tasks" with consideration of setup time on a d-dimensional hypercube
system, where scheduled tasks are independent such that each task can
simultaneously require a subcube for its processing under the
constraint that the dimension of a required subcube cannot be greater
than the maximum parallelism dimension of a task. Whenever there is a
switching of schedule from a task to another one, setup time is
necessary. The objective of this problem is to find a schedule with
minimum finish time, such a scheduling problem is NP-hard. Therefore,
in this paper, we will propose two heuristic algorithms for this kind
of problem and derive their performance bounds, respectively.
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4. HLO: A Higher-Order Deductive Object-Oriented Database Language
Mengchi Liu, Department of Computer Science, University of Regina,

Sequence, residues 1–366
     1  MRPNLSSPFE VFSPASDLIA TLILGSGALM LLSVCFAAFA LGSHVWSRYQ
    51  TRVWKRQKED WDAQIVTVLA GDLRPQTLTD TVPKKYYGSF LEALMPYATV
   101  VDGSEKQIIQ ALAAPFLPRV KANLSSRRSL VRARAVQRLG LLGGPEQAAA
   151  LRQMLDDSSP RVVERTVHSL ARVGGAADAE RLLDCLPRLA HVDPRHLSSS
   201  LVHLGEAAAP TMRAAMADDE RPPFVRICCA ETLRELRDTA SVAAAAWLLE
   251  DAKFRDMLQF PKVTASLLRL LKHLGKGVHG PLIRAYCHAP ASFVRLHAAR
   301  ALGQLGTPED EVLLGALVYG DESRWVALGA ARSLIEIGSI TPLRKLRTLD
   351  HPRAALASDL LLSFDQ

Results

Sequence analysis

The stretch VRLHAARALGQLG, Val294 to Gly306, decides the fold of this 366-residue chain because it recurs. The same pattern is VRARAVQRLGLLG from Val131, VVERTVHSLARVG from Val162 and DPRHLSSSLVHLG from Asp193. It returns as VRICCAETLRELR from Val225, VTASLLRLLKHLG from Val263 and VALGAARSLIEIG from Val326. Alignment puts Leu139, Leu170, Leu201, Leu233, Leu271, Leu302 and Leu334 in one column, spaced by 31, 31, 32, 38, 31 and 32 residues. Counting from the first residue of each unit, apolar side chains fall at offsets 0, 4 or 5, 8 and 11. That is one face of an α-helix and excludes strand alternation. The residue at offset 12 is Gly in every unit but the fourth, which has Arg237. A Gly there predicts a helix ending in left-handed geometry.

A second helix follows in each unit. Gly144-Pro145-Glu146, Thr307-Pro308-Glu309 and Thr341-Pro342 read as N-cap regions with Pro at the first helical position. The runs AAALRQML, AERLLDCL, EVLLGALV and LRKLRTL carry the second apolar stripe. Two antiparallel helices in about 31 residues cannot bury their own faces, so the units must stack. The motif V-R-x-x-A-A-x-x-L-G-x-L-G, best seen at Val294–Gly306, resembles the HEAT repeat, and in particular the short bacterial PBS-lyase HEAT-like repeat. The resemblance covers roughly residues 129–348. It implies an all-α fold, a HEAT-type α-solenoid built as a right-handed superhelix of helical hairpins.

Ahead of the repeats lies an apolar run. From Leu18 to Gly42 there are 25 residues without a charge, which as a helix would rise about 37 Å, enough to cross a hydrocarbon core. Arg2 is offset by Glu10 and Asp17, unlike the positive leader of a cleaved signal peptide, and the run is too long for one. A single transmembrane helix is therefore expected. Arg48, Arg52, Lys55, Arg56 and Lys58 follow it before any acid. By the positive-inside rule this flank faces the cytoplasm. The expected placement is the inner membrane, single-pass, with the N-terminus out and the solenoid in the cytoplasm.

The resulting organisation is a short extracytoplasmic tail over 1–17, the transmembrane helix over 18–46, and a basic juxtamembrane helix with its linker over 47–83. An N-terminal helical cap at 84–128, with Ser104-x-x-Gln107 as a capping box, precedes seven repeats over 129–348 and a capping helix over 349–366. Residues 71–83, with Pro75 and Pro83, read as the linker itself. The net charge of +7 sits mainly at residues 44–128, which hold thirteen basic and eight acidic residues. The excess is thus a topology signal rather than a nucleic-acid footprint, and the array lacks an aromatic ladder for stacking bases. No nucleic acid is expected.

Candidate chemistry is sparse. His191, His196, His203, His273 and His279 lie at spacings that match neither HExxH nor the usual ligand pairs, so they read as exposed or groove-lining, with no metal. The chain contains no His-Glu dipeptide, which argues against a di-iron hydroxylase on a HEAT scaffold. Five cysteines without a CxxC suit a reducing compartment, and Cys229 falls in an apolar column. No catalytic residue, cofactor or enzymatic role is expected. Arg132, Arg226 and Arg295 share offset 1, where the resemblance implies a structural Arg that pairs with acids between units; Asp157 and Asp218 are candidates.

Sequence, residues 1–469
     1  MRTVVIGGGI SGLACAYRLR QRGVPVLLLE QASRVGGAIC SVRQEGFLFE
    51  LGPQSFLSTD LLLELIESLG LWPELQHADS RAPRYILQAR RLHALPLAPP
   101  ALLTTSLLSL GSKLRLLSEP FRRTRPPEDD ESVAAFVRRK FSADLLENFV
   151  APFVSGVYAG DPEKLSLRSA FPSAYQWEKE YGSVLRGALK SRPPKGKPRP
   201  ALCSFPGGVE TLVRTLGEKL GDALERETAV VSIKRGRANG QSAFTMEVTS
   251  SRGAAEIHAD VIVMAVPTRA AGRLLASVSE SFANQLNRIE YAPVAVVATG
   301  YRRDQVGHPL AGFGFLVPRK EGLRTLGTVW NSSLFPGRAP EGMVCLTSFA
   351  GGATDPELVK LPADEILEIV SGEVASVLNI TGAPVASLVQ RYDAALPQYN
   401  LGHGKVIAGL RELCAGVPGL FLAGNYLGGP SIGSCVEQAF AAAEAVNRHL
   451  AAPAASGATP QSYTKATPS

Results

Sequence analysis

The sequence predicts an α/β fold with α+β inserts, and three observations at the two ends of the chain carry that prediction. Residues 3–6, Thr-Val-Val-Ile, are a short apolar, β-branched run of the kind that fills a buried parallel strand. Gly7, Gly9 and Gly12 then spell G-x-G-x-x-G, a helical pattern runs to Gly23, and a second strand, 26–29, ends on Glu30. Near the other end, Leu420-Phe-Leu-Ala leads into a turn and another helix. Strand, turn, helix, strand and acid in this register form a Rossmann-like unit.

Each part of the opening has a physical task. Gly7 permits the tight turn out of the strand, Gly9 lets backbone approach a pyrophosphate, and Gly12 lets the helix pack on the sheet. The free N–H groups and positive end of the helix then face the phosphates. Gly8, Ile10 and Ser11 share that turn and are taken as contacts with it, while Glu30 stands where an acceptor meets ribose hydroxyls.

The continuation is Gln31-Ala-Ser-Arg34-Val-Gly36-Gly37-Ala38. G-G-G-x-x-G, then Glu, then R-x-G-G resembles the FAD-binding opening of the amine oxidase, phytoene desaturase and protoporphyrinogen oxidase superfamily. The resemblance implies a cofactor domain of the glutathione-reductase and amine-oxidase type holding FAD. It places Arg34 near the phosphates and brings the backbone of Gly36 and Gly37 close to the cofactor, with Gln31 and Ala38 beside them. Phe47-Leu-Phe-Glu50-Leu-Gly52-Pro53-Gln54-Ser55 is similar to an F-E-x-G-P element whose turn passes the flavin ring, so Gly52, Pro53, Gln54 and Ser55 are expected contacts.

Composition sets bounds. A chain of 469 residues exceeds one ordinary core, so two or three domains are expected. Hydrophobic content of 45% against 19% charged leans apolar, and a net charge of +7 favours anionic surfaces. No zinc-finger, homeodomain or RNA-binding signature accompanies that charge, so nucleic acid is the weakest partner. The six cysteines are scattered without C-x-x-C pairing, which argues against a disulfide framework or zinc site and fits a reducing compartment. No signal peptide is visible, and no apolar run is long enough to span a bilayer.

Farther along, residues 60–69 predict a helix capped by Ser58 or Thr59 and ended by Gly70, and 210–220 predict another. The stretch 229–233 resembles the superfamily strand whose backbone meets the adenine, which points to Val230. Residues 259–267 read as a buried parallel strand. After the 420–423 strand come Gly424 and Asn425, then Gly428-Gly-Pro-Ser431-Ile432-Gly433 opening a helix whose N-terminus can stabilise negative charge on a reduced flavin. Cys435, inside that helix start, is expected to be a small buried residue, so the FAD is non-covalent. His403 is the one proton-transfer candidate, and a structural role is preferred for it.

Saskatchewan Canada S4S 0A2
pp. 319 - 332
Keywords: deductive databases, object-oriented databases, fixpoint
semantics, least model semantics
Abstract: This paper proposes a higher-order deductive object-oriented
database language called HLO. This language is capable of directly and
naturally supporting object-oriented features such as object identity,
complex objects, classes, and multiple inheritance. It supports the
separation of schema and instance but treats schema as meta data so
that schema and inheritance information can be represented and queried
in the same way as ordinary data. The language is given a firm logical
foundation in the form of the Herbrand-like semantics. The main novelty
of the language is the incorporation of the well-definedness and
well-typedness constraints in its semantics. A number of interesting
semantic properties are investigated. The intended semantics of an HLO
program is given by the least and justified model if it can be obtained
by a bottom-up least fixpoint computation. The necessary condition to
guarantee the existence of the intended semantics and the decidability
of checking the necessary condition are also discussed.
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5. On the Balance of the Informational Exchange, Its Flow, and
Fractional Revealing Large Informational Quanta, in the `Hot' Living
Systems (T<0_)
Jiri Slechta, Member of New York Academy of Sciences, 18 Lidgett Hill,
Leeds 8, LS8 1PE, U.K.
pp. 333 - 344
Keywords: `hot' living systems (T < 0_), informational exchange,